I have just manually upgraded OpenSSL from 3.0.2 to 3.0.7. I know a patch was available for 3.0.2, but, easier to answer to management this way vs. having to explain over and over again why the version still shows 3.0.2. So no need to comment on that.

I ran into the 'unable to lookup symbol BIO_f_zlib' error initially after the install when using:

config --prefix=/usr/local/ssl --openssldir=/usr/local/ssl share zlib

Changed the config to:

config --prefix=/usr/local/ssl --openssldir=/usr/local/ssl no-comp

and this was successful.

Now that my install is complete, I am seeing that the openssl version command is showing:

OpenSSL 3.0.7 1 Nov 2022 (Library: OpenSSL 3.0.2 15 Mar 2022)

How do I correct my installation so that the Library version matches the Binary version?

  • I updated /etc/ld.so.conf.d with a file named openssl-3.0.7.conf with /usr/local/ssl/lib for contents.
  • I have also changed the system environment PATH var to include /usr/local/ssl/bin.
  • I executed ldconfig -v and source /etc/environment after the updates (no joy) and finally rebooted (still no joy).

Still seeing the mismatch in the openssl version output.

I tried the suggestion to re-link libssl.so.3, with no success.  See below environmental info and trailing openssl version output.  New OpenSSL (3.0.7) was installed to /usr/local/ssl per the config option on the build.

# lsb_release -a
No LSB modules are available.
Distributor ID: Ubuntu
Description:    Ubuntu 22.04.1 LTS
Release:        22.04
Codename:       jammy

# find /usr/local -name 'libssl.so*'
/usr/local/lib64/libssl.so.3_3.0.2 <== renamed from libssl.so.3

# ls -l /usr/local/lib64/libssl.so*
lrwxrwxrwx 1 root root     32 Nov  2 17:07 /usr/local/lib64/libssl.so -> /usr/local/ssl/lib64/libssl.so.3
-rwxr-xr-x 1 root root 809464 Nov  1 15:55 /usr/local/lib64/libssl.so.3_3.0.2

# ls -l /usr/local/ssl/lib64/libssl.so*
lrwxrwxrwx 1 root root     11 Nov  1 21:23 /usr/local/ssl/lib64/libssl.so -> libssl.so.3
-rwxr-xr-x 1 root root 808704 Nov  1 21:23 /usr/local/ssl/lib64/libssl.so.3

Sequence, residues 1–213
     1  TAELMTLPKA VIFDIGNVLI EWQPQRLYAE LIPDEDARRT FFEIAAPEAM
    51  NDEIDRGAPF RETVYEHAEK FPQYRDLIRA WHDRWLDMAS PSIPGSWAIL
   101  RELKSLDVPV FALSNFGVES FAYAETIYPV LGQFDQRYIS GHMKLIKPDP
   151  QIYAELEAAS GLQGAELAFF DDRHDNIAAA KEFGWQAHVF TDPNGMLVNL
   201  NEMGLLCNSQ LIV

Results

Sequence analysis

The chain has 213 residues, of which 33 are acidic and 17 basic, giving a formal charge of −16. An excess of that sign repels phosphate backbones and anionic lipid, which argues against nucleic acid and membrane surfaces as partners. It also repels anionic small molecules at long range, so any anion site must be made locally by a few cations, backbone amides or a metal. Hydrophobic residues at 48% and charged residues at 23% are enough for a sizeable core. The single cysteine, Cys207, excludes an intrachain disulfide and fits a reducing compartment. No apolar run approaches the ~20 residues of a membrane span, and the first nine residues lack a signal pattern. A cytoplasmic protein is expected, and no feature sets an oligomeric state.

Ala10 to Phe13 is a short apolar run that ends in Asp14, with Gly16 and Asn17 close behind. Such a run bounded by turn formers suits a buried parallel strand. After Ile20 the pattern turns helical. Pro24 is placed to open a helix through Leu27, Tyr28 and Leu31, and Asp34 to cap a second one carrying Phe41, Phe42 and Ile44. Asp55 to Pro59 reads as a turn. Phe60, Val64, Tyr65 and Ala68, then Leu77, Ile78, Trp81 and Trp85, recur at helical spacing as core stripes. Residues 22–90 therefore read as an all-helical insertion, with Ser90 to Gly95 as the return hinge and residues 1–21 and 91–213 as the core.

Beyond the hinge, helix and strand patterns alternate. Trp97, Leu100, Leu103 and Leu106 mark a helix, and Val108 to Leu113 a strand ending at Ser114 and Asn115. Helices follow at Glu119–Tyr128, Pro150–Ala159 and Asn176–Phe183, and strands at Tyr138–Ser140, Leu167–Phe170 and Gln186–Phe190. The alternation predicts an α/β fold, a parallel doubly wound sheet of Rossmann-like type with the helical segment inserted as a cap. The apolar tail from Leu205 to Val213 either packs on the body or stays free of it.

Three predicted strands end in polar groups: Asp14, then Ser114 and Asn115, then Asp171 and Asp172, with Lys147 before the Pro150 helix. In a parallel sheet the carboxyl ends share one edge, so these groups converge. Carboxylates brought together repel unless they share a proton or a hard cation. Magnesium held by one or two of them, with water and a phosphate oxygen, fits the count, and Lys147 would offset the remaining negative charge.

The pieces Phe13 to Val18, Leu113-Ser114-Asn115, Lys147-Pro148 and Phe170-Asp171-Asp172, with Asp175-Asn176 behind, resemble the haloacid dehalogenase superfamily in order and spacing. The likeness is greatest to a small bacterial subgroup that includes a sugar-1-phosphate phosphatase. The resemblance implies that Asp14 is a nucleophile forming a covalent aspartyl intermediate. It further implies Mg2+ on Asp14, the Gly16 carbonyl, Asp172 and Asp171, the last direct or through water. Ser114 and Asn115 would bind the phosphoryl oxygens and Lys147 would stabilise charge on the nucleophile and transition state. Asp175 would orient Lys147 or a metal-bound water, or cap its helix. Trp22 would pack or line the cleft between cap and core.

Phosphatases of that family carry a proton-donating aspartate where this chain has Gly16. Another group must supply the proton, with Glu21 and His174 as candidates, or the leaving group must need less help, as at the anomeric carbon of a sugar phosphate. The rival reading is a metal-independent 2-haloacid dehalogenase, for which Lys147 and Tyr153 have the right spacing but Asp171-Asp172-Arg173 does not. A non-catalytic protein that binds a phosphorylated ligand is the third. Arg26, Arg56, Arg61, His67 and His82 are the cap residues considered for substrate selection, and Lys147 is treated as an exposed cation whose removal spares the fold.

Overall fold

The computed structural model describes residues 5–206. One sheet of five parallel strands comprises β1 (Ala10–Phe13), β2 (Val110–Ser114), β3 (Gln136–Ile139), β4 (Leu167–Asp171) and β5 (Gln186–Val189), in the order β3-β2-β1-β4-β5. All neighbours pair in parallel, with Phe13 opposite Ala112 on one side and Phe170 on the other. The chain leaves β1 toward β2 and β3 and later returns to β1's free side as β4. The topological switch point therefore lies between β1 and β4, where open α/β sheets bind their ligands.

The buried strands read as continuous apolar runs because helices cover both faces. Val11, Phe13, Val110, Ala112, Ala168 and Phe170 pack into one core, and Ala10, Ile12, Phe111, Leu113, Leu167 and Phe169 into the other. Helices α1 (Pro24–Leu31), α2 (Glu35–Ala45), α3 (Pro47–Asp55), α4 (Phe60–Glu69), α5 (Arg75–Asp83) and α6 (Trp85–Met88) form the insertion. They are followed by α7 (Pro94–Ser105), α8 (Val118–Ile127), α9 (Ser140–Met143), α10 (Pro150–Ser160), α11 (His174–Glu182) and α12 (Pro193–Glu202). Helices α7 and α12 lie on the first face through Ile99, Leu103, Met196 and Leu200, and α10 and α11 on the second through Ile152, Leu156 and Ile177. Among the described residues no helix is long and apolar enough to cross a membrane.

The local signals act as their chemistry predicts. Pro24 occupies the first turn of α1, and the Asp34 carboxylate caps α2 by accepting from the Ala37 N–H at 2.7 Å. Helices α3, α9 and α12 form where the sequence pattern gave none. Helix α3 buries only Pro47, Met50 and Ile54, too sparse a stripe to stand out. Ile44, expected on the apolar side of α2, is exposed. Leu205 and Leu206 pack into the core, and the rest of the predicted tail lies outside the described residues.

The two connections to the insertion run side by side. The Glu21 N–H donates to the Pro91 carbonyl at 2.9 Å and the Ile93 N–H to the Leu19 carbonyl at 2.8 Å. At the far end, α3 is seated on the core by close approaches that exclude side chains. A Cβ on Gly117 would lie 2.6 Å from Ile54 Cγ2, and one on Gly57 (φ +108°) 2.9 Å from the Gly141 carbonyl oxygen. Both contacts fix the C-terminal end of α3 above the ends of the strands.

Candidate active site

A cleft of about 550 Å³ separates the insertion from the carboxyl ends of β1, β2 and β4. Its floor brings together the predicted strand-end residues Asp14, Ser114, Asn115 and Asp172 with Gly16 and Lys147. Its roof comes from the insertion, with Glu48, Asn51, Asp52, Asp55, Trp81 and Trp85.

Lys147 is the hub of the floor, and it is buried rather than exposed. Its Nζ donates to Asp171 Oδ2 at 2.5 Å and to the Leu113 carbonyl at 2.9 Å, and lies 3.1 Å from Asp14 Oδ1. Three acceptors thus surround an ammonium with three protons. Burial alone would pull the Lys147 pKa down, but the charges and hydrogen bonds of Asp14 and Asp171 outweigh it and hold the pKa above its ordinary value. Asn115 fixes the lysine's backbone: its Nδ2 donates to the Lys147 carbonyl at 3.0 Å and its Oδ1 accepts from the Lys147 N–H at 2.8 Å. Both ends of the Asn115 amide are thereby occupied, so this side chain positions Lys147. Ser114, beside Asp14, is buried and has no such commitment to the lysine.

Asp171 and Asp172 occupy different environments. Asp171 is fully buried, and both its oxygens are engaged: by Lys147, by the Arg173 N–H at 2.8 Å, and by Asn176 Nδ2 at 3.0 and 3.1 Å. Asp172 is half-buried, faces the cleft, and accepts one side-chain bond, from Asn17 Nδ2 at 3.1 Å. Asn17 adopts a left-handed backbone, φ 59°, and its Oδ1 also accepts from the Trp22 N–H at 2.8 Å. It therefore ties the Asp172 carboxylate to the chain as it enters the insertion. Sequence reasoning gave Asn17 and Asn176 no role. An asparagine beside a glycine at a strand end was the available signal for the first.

# openssl version -a
OpenSSL 3.0.7 1 Nov 2022 (Library: OpenSSL 3.0.2 15 Mar 2022)

built on: Thu Oct 27 17:06:56 2022 UTC

platform: debian-amd64

options:  bn(64,64)

compiler: gcc -fPIC -pthread -m64 -Wa,--noexecstack -Wall -Wa,--noexecstack -g -O2 -ffile-prefix-map=/build/openssl-WsPfAX/openssl-3.0.2=. -flto=auto -ffat-lto-objects -flto=auto -ffat-lto-objects -fstack-protector-strong -Wformat -Werror=format-security -DOPENSSL_TLS_SECURITY_LEVEL=2 -DOPENSSL_USE_NODELETE -DL_ENDIAN -DOPENSSL_PIC -DOPENSSL_BUILDING_OPENSSL -DNDEBUG -Wdate-time -D_FORTIFY_SOURCE=2

OPENSSLDIR: "/usr/lib/ssl"

ENGINESDIR: "/usr/lib/x86_64-linux-gnu/engines-3"

MODULESDIR: "/usr/lib/x86_64-linux-gnu/ossl-modules"

Seeding source: os-specific

CPUINFO: OPENSSL_ia32cap=0xfefa32035f8bffff:0x1c2ffb

What have I missed and how can I make sure processes using the library are using the correct version library?

  • Ubuntu has backported the changes to openssl 3.0.2 however it still suck that openssl 3 is not up to date
    – Kiwy
    Jan 18, 2023 at 12:00
  • For context, as it wasn't directly referenced, though could be considered seriously by anyone looking for a genuinely secure against CVE(s) Ubuntu: askubuntu.com/a/1438590/355456
    – pzrq
    Jan 23 at 1:56
  • easier to answer to management this way vs. having to explain over and over again why the version still shows 3.0.2 No, it's not. What happens for the next vulnerability? Distros like Ubuntu patch vulnerabilities in components like OpenSSL - that's why you run apt upgrade. Manually updating components yourself results in you becoming a Linux distro builder and maintainer. You're not qualified, are you? Did you test everything that depends on OpenSSL to make sure your manual update didn't break anything? Are you going to spend the time watching CVEs for the next time? Mar 29 at 14:00

3 Answers 3


Seems like your libraries are not updated. Beside updating OpenSSL you also would need to update corresponding libraries (libssl in this case). Best would be to:

apt update
apt upgrade